The recall of approximately 132,000 pounds of ground beef came from Cargill Meat Solutions, which was also the target of an August recall of approximately 25,000 pounds of ground beef.
The recalls stem from possible E. coli contamination, according to the U.S. Department of Agriculture’s Food Safety and Inspection Service.
A full list of products can be found here. All of the recalled products bear the establishment number “EST. 86R” inside the department’s mark of inspection, and were sold nationwide.
The recall comes after authorities identified 17 illnesses and one death caused by the tainted meat, between July 5 and July 25. The investigation was sparked by an Aug. 22 discovery by Cargill that some of its meat tested positive for E. coli.
Officials said some of the contaminated meat may have already been purchased by consumers and placed in freezers in their homes. People should check whatever ground beef they’ve purchased in recent months to make sure it’s not part of the recall.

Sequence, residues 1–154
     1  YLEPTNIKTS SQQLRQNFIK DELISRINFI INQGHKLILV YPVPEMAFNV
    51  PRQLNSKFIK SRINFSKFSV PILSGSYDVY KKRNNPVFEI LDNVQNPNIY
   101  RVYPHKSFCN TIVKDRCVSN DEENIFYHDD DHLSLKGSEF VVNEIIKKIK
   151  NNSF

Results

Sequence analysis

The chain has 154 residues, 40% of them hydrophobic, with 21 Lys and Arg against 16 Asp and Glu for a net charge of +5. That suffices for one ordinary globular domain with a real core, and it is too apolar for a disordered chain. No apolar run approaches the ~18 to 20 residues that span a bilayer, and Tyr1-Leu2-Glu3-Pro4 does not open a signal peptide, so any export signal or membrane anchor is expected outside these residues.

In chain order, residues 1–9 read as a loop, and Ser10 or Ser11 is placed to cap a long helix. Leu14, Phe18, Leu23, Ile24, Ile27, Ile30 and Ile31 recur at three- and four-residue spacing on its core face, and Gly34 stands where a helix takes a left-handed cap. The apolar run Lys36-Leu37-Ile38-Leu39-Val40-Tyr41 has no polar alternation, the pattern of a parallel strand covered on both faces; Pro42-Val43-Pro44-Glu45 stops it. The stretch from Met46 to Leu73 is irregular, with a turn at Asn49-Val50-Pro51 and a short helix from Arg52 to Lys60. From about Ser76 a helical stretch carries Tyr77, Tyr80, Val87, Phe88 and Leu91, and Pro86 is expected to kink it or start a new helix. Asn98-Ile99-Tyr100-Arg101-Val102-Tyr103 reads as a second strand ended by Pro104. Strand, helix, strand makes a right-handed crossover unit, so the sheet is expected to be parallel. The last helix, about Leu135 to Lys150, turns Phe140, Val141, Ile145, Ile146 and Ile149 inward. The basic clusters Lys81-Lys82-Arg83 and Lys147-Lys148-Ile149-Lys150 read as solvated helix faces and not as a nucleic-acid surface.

If it is, they should throw the meat away or return it to the place of purchase for a refund.
— USDA Food Safety (@USDAFoodSafety) September 20, 2018
E. coli, or Escherichia coli, is a bacteria that can cause a number of illnesses, and, in extreme cases, death.
According to the Centers for Disease Control and Prevention (CDC), E. coli symptoms vary from person to person but often include severe stomach cramps, diarrhea (often bloody), and vomiting.
Some people also have a fever, which is not usually very high.
Most people who contract the bacteria start feeling sick three to four days after ingesting something that contains it, but the illnesses can start anywhere from one to 10 days after ingestion.
Most people recover within a week. People should contact their healthcare provider if they have diarrhea that lasts for more than three days or is accompanied by high fever, blood in the stool, or so much vomiting that you cannot keep liquids down and you pass very little urine.
Five to 10 percent of people who get an infection from the bacteria develop potentially life-threatening complications known as hemolytic uremic syndrome (HUS), which usually develops about a week after symptoms first appear, when the diarrhea is getting less severe.
“Clues that someone is developing HUS include decreased frequency of urination, feeling very tired, and losing pink color in cheeks and inside the lower eyelids,” the CDC stated.
“People with HUS should be hospitalized because their kidneys may stop working and they may develop other serious problems. Most people with HUS recover within a few weeks, but some suffer permanent damage or die.”